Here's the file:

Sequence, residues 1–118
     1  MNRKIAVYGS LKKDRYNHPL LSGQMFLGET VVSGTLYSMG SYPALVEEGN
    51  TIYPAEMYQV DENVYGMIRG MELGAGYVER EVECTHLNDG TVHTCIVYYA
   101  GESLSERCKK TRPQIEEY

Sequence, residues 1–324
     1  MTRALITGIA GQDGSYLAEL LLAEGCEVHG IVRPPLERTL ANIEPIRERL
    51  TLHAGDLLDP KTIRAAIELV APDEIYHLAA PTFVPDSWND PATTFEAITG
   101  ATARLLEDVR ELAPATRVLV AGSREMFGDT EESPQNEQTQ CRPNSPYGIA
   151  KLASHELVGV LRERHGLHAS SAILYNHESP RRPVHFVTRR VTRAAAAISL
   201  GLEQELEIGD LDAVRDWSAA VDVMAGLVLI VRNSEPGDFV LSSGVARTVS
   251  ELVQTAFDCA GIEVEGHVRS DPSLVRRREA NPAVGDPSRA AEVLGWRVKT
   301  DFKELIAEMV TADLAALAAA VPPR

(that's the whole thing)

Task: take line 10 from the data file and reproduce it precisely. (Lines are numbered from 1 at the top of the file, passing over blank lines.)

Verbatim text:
   201  GLEQELEIGD LDAVRDWSAA VDVMAGLVLI VRNSEPGDFV LSSGVARTVS